Server Fault is a question and answer site for system and network administrators. Join them; it only takes a minute:

Sign up
Here's how it works:
  1. Anybody can ask a question
  2. Anybody can answer
  3. The best answers are voted up and rise to the top

We've rebuilt a bunch of RPMs because we wanted to remove modules and change config options for items specific to our production environment. We're hosting them in a private repo, and have them signed with our own GPG key and have our company name appended to the package name.

TO save ourselves a step after installing the package, I'd like to replace the base config file with config files that are specific to our environment. I'm not very familiar with adding things to spec files. What's the easiest way to do this? Package file?

share|improve this question
up vote 3 down vote accepted

If the file you're replacing is already named in the specfile (i.e. you're really replacing it) then you need only replace the file during your build (typically done with a patch to the original source, but you could always replace the file in the original source archive, too). If you're adding a file, then you'll want to add the file to the "%files" section of the specfile.

I'd recommend having a look at the Packaging software with RPM series from IBM. It's very good, and will give you a lot of useful background on the subject.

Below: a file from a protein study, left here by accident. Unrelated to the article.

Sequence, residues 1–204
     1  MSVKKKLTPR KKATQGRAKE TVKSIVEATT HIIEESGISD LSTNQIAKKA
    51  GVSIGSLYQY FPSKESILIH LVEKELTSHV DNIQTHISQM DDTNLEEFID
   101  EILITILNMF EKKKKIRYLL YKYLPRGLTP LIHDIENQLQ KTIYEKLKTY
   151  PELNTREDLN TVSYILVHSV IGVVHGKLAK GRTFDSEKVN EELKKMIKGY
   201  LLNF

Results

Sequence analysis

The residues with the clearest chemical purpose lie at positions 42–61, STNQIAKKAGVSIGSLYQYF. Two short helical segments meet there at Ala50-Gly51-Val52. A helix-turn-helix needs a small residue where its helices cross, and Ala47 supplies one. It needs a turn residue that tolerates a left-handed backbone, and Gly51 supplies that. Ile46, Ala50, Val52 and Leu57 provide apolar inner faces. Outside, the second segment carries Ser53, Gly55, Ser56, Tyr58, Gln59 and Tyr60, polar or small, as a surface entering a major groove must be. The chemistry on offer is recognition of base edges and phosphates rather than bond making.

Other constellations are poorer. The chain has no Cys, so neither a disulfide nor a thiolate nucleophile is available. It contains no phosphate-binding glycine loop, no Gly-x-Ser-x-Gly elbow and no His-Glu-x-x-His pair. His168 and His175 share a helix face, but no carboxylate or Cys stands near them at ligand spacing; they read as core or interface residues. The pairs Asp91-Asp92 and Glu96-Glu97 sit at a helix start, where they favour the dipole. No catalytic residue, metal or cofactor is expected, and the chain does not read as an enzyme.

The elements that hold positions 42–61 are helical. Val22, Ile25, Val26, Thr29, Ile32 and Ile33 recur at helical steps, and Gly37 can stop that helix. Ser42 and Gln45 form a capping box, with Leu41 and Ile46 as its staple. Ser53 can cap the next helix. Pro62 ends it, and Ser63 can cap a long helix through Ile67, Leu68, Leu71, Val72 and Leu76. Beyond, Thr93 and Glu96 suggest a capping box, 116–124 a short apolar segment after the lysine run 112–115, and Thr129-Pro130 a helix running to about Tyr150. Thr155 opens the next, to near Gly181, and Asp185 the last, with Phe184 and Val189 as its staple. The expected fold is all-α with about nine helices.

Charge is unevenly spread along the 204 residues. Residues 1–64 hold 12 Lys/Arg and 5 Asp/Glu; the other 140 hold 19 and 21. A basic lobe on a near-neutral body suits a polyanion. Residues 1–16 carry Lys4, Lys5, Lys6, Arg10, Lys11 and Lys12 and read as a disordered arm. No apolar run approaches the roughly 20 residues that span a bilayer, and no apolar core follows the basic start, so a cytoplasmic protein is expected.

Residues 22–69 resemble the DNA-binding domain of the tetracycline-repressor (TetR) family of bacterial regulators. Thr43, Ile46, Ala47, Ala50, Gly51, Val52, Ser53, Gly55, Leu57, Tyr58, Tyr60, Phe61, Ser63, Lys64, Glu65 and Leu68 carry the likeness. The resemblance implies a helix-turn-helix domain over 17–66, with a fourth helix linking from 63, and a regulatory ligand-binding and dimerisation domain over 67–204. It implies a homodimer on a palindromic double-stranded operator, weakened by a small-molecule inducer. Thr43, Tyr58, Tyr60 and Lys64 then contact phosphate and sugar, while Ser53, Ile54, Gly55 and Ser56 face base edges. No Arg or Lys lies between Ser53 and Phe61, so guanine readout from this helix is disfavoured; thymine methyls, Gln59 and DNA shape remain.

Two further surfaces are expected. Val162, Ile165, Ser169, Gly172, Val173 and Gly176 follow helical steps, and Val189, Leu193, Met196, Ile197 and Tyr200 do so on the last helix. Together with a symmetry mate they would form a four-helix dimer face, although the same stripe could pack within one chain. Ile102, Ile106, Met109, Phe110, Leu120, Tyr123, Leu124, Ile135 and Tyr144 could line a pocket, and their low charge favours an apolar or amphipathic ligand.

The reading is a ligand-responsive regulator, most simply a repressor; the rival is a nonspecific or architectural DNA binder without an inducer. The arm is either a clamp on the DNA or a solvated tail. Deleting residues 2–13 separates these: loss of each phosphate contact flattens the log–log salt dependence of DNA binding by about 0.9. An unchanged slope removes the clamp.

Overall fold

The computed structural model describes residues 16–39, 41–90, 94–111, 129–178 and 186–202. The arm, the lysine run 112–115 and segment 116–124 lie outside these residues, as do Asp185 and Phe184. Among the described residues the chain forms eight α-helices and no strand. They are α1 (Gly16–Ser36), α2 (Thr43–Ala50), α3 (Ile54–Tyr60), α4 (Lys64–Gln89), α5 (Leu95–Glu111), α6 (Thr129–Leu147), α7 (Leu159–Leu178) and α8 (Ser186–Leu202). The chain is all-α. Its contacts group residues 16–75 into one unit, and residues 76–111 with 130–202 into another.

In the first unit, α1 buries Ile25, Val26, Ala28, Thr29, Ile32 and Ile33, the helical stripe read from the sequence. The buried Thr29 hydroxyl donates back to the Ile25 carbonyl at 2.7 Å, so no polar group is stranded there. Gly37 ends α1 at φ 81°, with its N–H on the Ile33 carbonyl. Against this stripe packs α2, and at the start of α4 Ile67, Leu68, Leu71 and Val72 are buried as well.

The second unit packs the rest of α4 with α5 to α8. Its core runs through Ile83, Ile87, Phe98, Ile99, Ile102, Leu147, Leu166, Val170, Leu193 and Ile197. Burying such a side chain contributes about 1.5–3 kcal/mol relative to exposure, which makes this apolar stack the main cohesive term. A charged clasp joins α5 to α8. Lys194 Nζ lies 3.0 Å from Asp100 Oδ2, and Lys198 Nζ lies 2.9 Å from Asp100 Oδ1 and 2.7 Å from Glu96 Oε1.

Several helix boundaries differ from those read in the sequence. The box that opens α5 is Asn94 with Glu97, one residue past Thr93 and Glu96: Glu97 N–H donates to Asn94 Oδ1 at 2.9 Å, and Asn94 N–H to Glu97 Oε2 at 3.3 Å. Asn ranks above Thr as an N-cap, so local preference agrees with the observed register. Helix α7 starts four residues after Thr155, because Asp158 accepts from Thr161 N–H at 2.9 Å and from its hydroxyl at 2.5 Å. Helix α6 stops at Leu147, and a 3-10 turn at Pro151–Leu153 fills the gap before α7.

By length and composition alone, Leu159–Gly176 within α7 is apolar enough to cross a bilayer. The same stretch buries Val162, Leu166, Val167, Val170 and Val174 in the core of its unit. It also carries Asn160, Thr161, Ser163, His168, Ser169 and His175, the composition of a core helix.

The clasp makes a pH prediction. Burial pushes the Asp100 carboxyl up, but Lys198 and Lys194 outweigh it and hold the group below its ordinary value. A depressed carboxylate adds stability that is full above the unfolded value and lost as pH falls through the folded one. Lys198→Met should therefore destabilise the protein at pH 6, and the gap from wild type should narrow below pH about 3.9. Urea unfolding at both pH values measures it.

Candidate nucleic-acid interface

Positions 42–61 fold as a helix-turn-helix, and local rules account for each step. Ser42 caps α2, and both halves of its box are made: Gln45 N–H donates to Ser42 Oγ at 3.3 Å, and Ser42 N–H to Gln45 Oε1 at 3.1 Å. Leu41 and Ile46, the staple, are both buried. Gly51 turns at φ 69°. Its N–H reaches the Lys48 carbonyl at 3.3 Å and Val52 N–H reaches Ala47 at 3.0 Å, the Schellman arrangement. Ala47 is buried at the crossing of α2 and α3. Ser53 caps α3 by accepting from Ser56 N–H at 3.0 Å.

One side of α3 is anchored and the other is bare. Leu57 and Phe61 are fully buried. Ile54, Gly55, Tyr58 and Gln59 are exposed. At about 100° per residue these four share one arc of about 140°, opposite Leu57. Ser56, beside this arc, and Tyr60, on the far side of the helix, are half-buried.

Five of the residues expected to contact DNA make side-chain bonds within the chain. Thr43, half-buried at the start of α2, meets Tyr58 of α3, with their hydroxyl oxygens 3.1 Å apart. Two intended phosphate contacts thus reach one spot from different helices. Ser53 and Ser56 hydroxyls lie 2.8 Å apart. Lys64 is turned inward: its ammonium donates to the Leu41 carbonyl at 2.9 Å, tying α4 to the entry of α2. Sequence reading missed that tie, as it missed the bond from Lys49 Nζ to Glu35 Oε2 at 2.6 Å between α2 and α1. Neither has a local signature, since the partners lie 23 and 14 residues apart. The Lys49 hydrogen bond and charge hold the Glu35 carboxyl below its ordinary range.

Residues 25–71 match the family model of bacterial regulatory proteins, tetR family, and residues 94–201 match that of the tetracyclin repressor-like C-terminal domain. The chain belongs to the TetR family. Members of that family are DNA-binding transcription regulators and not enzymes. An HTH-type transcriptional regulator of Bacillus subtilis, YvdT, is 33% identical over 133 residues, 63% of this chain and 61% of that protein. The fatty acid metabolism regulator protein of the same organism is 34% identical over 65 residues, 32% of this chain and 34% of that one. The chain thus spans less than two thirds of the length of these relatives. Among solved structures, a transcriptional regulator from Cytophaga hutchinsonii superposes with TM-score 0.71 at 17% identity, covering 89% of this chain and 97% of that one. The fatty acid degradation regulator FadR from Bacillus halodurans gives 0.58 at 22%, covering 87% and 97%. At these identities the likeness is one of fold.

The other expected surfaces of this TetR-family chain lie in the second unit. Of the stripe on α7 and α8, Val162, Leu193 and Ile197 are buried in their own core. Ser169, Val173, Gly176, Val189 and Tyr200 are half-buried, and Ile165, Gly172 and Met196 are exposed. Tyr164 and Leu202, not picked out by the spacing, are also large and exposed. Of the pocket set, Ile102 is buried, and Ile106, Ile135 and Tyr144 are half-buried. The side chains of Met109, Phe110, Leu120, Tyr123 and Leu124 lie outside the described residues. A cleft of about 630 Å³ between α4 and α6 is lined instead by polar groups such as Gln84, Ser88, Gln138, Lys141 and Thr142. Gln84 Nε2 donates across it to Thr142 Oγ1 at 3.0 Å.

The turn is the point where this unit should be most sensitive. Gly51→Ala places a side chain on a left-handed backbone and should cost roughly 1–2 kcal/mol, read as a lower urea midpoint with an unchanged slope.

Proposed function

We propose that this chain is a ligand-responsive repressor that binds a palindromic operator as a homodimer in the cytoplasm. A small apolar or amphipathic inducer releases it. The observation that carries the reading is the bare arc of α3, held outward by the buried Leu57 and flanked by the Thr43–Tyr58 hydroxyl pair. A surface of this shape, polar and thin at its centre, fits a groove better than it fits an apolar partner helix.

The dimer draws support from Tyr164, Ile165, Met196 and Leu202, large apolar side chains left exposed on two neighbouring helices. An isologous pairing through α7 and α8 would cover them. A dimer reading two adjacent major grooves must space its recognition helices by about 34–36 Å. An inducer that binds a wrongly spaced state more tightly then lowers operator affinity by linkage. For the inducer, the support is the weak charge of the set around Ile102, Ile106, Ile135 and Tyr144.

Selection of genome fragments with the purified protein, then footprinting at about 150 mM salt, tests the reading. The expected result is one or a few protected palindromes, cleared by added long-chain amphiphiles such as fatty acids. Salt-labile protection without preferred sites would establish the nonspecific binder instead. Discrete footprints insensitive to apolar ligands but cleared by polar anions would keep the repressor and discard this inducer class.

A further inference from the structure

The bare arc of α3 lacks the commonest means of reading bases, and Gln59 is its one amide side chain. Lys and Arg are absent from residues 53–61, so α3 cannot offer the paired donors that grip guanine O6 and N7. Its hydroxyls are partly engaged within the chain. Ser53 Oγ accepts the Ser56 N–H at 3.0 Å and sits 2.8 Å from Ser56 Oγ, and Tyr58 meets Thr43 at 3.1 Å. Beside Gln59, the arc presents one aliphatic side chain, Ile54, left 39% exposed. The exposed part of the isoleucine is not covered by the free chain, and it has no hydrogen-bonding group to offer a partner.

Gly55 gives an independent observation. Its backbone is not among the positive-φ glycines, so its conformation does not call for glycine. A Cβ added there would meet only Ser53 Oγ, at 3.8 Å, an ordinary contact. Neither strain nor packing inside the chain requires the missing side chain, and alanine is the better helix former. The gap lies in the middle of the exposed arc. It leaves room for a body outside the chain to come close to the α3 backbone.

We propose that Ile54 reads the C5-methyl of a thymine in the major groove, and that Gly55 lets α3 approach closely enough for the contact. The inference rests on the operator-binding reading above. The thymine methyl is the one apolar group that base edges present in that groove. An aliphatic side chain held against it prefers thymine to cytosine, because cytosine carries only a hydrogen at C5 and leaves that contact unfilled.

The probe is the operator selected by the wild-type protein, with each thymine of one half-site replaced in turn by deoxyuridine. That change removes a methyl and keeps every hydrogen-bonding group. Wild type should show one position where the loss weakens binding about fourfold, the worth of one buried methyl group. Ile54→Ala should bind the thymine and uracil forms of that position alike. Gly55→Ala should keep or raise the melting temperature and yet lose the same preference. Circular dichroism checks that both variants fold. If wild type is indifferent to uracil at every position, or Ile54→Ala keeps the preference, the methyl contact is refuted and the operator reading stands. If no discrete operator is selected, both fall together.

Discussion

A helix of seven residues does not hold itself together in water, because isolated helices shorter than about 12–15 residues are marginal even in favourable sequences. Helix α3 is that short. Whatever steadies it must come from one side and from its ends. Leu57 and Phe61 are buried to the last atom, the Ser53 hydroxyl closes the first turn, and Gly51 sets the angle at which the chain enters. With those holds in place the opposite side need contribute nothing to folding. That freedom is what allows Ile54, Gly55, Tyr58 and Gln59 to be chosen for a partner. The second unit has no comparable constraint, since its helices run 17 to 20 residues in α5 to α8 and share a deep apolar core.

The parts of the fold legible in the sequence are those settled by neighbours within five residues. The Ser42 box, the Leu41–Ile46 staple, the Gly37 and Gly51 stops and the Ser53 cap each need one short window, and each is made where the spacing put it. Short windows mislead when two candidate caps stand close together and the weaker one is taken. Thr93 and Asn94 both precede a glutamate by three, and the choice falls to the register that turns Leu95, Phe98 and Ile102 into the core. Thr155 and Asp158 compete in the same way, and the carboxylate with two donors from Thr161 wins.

share|improve this answer
I replaced the file in the original archive, but I think there's something somewhere in the make process that overwrites it or edits it. The original file is named <packagename> -- if I replace that file, tar everything back up, and place that in the SOURCES dir, then it still doesn't make it into the final build. There is one line -- %{__install} -Dp -m0644 src/collectd.conf %{buildroot}%{_sysconfdir}/collectd.conf -- could I replace that with a different source and have it come out included? – Karl Katzke Oct 21 '10 at 17:58
@Karl Katzke: The build process creates the src/collectd.conf from src/ You could include your tweaked-up configuration file in the package and modify the line referenced above, or create a package that contains only your configuration file and install it after the fact. Having to roll out a new package for the entire program because you altered your configuration would stop me from including the configuration file in the package. I'd create a package with just the configuration file in it, personally. – Evan Anderson Oct 21 '10 at 18:37

Your Answer


By posting your answer, you agree to the privacy policy and terms of service.

Not the answer you're looking for? Browse other questions tagged or ask your own question.